Yo La Tengo crushed the main stage‚ proving why they never disappeared with the other lost indie bands. Jonsi showcased his new solo act that focuses more on driving beats‚ and it actually translated better to the daytime slot than his majestic Sigur Ros could have. Spoon sounded crisp on the big stage‚ yet have grown guilty of Tom Petty syndrome: performing their songs so well live that there's little excitement and no distinction from the album cuts. The Swedish production trio known as Miike Snow fell relatively flat‚ and while drawing a large crowd‚ failed to create any frenzy other than that of initial song recognition. Performing at the same time as both Spoon and Miike Snow‚ Infected Mushroom was a disastrous display of bad ideas gone even worse: a sloppy and painful merging of bad metal and simplistic dance beats.
There was a justifiable sense of relief when Phoenix took the stage‚ and with the Outdoor Theatre crowd packed deep into the pretzel vendors‚ the French foursome took control. Cycling through their hits with not only precision but enthusiasm‚ they created a collective sway that no other band was able to produce from the crowd all weekend.
Then came Pavement. For one not-to-be-named Green Mountain journalist‚ it manifested the same feeling as when the Red Sox won the World Series in 2004: Something you've always wanted to happen‚ but in your heart you had a feeling might not ever occur‚ and when it finally goes down is far better than you could have ever imagined. They opened with "Silent Kit‚" closed with "Cut My Hair" and in between flowed through a set that was heavy on Slanted and Enchanted and Crooked Rain‚ Crooked Rain material. They were unfathomably tight‚ joked between songs‚ Malkmus crushed his solos‚ and they looked like they were having the time of their lives. For a band that was known for its downer moments‚ there was nothing better for a true fan than seeing Spiral Stairs sing along to every Stephen Malkmus song.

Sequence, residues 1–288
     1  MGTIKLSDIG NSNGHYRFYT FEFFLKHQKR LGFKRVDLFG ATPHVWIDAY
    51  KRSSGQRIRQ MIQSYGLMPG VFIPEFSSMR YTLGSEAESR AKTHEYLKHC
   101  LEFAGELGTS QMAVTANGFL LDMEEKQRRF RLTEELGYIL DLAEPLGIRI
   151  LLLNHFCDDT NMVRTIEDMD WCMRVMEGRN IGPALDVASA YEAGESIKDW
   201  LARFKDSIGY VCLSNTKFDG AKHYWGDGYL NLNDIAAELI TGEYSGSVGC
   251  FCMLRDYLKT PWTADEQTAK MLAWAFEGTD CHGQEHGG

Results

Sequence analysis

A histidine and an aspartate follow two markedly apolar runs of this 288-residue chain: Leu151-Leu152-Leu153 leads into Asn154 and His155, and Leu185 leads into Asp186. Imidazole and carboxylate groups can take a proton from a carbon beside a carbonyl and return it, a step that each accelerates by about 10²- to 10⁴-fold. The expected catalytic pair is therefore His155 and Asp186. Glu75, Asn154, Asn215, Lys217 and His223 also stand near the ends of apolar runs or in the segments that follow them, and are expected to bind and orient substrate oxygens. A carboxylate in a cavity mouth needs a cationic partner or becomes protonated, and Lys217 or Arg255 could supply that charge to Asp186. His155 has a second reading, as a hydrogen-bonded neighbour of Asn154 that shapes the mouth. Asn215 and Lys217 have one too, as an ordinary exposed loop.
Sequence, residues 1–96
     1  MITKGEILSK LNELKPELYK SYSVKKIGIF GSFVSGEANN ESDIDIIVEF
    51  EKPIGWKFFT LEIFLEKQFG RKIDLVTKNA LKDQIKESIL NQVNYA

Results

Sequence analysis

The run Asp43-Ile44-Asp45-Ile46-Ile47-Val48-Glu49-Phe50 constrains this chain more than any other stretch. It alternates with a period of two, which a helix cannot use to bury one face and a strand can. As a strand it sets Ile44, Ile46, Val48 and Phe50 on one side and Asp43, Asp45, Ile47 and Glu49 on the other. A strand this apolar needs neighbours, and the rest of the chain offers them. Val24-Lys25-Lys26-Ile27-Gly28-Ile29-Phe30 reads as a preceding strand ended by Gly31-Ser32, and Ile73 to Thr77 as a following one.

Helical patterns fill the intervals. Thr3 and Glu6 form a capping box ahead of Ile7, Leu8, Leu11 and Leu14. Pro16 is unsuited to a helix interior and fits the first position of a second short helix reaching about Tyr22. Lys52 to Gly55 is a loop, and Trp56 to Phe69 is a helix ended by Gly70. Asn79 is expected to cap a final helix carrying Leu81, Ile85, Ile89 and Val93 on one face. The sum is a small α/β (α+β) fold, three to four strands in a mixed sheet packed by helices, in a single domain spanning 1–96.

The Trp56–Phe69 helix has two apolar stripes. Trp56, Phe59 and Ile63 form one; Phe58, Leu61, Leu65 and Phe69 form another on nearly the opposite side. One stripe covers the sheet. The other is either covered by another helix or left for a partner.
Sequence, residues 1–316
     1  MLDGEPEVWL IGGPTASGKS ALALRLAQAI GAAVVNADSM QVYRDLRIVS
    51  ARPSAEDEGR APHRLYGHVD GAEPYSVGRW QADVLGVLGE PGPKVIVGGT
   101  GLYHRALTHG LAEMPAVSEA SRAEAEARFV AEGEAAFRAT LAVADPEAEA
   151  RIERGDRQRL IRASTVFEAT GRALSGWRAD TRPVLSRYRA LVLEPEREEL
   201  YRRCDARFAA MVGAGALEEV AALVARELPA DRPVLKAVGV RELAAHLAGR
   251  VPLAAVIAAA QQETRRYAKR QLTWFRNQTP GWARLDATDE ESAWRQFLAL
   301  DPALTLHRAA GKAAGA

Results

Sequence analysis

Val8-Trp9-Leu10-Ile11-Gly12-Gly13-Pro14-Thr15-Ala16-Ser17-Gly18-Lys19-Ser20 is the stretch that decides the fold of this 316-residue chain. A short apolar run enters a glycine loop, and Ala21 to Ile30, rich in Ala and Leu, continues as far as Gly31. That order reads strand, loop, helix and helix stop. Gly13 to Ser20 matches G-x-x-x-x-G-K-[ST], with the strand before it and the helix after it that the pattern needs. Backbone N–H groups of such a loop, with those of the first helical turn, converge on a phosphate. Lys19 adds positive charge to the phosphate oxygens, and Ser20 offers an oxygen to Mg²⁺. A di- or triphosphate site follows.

While it seemed for many to be some inconceivable fantasy to have Pavement followed by Atoms for Peace‚ it did occur‚ and it did melt away any restraints of possible musical transcendence happening amongst thousands of L.A. introverts. Flea is most likely the only bassist who could make Thom Yorke's solo act have any balls live‚ and with Nigel Godrich on guitar‚ the end result is utter magic. Complex bass patterns weave with driving drum pulsations under trance-guitar chords bending into Yorke's surreal vocal melodies. It's a combination of all things good with both intelligent electronica and present day psychedelic sounds. Near the end of the set‚ Yorke performed several songs solo including Radiohead's "Everything in its Right Place" and a new haunting‚ loop-heavy track‚ "Give Up the Ghost." After the set‚ the majority of concert-goers walked to the main stage in a heady silence‚ contemplating how Damon Albarn could ever compete with the performance his U.K. peer just laid out.
Despite this year's evolution of Gorillaz from a "virtual" band to a live one‚ and the massive multi-media production they present‚ their set never seemed to fully fall into place. It was rather awkwardly heavy on songs off the new album‚ Plastic Beach‚ and thus seemed to leave a lot of the older heavy-bumpers out of the set. Bobby Womack did manage to set it off during "Stylo" and De La Soul did rip it up on "Superfast Jellyfish" but a majority of the crowd was still unfamiliar with even the best of the new songs. The highlight of the set was easily the encore when De La Soul reemerged for "Feel Good Inc." Pounding through the modern-radio classic‚ the entire audience exploded for four minutes straight. Which made it all the more awkward when it was followed by the slow and depressing "Cloud of Unknowing‚" backed by video clips of archived naval disasters‚ and concluding with Albarn quickly jetting off the stage. There was no applause as 70‚000 cocked their heads at an angle expecting one more. But alas‚ the lights went up‚ and an incredible weekend of music was capped by a benign and empty exit. The farewell vibe seemed to be synonymous with the rest of the festival as reports trickled in of a 3-hour late Sly Stone finally taking to the stage mumbling about being kidnapped‚ and Richie Hawton performing his Plastikman set to new levels of obscurity.